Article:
Debating Standardized Tests

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Some people like them, some people despise them, but ultimately everyone has to take them. These are what schools like to call standardized exams. These end of the year, state-administered exams have been debated since their beginning, and there is good reason for that. Although supporters of standardized tests believe they are an objective measure of student achievement, opponents admit to the overwhelming cons that include educators teaching to the test, the neglection of external factors, and the terrible stress induced from these exams. While proponents of standardized testing make some valid points, the pros do not outweigh the overflowing cons, which is why standardized testing should be eradicated.

One of the biggest problems with standardized testing is an issue called teaching to the test. Because teachers are so pressured to have their students earn high marks on these standardized exams, this is leading to declines in teaching higher-order thinking, in the amount of time spent on complex assignments, and in the actual amount of high cognitive content in the curriculum (Procon 4). To counter this, proponents of standardized exams defend teaching to the test by deeming it an effective method, as it focuses on essential content and skills and at the same time eliminates time-wasting activities that don't produce learning gains. However, to say that standardized tests eliminate time-wasting activities is simply not valid. Are creative assignments and projects considered time-wasting activities? How about higher-order thinking and high-cognitive content? (Redel 2). Even if teachers were to cover the subject matter perfectly as required by the standards, something has to lose out. Sure, the students might master the material on which they are to be tested, but if that means forfeiting more time spent on encouraging creativity and deeper analysis, are these exams worth it?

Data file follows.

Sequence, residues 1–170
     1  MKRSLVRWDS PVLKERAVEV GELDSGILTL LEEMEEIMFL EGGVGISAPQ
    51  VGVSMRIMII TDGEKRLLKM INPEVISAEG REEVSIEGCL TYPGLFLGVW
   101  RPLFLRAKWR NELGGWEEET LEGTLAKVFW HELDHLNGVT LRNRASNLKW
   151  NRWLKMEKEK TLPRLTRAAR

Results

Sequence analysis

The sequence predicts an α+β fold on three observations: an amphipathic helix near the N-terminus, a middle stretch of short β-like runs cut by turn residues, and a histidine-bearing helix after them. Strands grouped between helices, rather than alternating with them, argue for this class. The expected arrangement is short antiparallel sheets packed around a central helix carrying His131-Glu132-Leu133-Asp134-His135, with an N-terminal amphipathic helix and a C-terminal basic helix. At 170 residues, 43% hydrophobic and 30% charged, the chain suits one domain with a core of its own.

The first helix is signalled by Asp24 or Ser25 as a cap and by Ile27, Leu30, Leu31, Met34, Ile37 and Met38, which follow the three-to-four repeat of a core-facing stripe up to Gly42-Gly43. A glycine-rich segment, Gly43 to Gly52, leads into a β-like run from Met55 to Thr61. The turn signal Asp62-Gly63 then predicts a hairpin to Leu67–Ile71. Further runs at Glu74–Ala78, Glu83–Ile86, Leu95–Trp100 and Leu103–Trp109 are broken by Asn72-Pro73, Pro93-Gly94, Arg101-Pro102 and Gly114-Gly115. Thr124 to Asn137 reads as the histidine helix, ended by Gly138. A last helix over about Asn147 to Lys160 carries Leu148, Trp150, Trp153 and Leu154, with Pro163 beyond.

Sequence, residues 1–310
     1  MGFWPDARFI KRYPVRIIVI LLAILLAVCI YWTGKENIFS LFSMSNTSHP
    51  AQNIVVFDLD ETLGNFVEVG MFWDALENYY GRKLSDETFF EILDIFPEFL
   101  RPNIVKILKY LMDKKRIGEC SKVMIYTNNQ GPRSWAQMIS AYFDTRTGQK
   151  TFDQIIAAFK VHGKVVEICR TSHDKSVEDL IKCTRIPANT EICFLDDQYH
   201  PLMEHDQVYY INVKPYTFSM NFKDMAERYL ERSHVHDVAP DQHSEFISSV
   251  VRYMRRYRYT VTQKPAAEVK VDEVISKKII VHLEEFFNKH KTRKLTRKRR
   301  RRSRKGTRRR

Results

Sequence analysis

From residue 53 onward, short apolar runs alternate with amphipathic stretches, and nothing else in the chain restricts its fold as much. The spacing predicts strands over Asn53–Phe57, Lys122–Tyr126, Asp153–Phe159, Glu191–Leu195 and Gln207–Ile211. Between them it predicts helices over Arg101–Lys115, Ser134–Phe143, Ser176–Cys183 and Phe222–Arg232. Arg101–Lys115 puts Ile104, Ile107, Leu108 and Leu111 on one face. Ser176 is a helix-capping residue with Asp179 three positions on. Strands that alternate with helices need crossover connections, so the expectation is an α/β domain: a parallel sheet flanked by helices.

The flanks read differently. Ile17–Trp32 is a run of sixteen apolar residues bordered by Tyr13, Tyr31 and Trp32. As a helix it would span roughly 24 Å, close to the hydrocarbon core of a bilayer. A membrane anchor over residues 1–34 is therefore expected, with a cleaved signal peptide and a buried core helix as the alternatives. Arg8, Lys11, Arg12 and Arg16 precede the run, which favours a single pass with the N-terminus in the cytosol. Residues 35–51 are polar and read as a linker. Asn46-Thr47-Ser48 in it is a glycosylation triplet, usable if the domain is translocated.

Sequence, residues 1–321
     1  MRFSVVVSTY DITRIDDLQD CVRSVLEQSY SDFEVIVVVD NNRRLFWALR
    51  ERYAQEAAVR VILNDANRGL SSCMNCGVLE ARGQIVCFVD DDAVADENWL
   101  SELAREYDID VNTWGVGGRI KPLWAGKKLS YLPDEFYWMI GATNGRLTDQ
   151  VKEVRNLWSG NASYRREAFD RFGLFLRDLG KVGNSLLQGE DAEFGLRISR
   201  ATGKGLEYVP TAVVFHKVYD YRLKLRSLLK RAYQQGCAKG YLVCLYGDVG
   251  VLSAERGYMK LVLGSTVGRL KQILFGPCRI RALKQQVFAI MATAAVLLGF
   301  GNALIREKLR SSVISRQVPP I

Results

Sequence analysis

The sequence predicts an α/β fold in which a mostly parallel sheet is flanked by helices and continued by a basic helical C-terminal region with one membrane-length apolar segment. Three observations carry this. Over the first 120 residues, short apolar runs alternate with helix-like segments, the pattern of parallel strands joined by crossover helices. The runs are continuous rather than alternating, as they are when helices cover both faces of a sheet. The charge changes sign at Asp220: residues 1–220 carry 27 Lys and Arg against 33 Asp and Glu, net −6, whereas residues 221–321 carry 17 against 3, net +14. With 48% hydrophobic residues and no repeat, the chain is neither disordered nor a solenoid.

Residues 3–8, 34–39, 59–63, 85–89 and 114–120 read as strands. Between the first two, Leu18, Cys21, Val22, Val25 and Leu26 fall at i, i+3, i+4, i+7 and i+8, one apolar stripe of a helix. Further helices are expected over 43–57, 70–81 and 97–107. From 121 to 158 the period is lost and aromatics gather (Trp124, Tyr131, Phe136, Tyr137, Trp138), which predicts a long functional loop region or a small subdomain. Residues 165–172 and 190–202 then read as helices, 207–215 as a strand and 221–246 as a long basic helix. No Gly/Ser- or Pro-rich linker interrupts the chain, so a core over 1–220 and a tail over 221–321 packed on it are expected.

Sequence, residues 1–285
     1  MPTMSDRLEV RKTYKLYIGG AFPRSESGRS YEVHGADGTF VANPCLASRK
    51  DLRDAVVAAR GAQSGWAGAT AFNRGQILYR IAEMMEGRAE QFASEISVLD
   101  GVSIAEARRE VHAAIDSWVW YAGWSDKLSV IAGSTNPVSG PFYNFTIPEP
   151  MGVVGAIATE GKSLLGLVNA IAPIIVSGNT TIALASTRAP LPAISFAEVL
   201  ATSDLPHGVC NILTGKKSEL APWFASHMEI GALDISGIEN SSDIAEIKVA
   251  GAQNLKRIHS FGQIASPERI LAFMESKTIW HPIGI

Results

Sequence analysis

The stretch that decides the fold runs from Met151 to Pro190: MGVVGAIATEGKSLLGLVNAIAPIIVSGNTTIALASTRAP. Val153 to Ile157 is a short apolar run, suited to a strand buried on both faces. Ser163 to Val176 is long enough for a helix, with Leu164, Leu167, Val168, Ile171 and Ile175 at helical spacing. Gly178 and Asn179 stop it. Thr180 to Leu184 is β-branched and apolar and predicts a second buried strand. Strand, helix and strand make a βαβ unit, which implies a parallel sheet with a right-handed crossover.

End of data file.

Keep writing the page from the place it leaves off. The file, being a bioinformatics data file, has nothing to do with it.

Another problem with standardized testing is that these so called accurate evaluation tests do not consider external factors which could affect a student's performance. On the other hand, groups supporting standardized testing feel that these exams are an efficient and accurate way of assessing a student's work. But what if a student is undergoing a lot of stress or is having family issues? Students can quickly and easily become overwhelmed with anxiety a bad test score may mean missing out on admission to the college of their choice or even being held back (Meador 1). Supporters of standardardized testing seem to conveniently overlook that cultural factors, unfamiliarity with testing methods, test anxiety, and illness can wreak havoc with how well a student performs (Nixon 2). Every person's story is different, and no one can or should assume to know one's personal situation. There are too many contributing components in students that can cause ineffectual results, deeming standardized testing imperfect to say the least.

Just as everyone's life story is unique, so too is everyone's way of thinking. For this reason, standardized testing is inadequate as an educational evaluation and assessment tool. Rather, it encourages a simplistic way of thinking, where there are only correct and wrong answers (Tabner 1). For example, what if the test only consists of multiple choice, but the student excels far greater at short answer questions? What if the test contains only true and false type questions, but the student does not perceive the world as simply black and white (Nixon 2). The reality is that high test scores could simply mean a student excels at memorization and multiple choice test taking. While it is easy to assume that students who score high in any particular subject are thereby good at processing information and reasoning abstractly, that is not always the case.